Game Review: Guard Duty
Guard Duty from Sick Chicken Studios launches today! You can get it from Steam for $9.99.
It's a thousand years ago in the kingdom of Wrinklewood and you are Tondbert, a dwarf/huma-halfling palace guard. After a night of heavy drinking, most of which you're happy not to remember, not only do you wake up to discover you may have been responsible for getting the princess kidnapped by an evil wizard, but also your clothes and armor are missing, and after you fall from the tower where your tiny bedroom sits, you get stung by a swarm of angry wasps, your face is all swelled up, and nobody can understand the mumbles coming out of your mouth, so you get no respect from anyone—not that you ever did.
Welcome to Guard Duty and oddly enough, that's not where the game starts—a thousand years ago, I mean. It actually starts out in our future, in 2074 to be precise, a mostly unremarkable day except for that whole part about the destruction of the Earth and all.
I've spent several hours now, enjoying the sometimes frustrating new game, Guard Duty, from Sick Chicken Studios. Did I say "frustrating"? Because I meant it, but in a good way. The Sick Chicken people have spent way too many hours watching Monty Python and reading Terry Pratchett novels, and it shows. They also have a thing for golden-age point-and-click games, classic 320x240 resolution pixel art, all combined with comedic and sometimes touching storytelling.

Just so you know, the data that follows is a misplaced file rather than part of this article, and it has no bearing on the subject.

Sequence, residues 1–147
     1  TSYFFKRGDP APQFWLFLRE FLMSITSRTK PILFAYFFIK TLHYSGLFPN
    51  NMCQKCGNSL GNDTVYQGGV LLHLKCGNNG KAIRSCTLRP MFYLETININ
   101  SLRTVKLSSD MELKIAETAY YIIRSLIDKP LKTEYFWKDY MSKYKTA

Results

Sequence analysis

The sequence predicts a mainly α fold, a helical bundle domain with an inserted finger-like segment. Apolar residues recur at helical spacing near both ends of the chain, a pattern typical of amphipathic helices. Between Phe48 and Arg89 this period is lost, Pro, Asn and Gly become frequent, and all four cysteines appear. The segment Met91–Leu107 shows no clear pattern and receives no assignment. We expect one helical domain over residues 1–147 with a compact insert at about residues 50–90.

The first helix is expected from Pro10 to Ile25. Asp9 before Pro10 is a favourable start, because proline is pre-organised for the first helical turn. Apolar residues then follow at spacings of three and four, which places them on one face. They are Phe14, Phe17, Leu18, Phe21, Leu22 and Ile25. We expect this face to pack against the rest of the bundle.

Figure 1. Castle Wrinklewood and the Surrounding Countryside
As I said at the beginning of this review, the story starts, strangely enough, in our future where a demonic monstrosity sets out to bring the end of the world and the destruction of our planet. Like our hero of ancient times, named Tondbert, there's another knight of sorts, embarked on a quest to save what is left of mankind before there's nothing more to save. You get to meet him later, I'm told, though I'm still trying to get my halfling's ghost to stop feeling sorry for himself.
Figure 2. The Future, Right before the World Ends
What makes this particularly interesting is that your actions (or Tondbert's actions) in the past, will have an effect on what happens in the future, when you finally get there. How the threads of centuries wind their way into hero number two's battle is something I have yet to discover, but I'm seriously looking forward to working with him—once I rescue the princess, that is.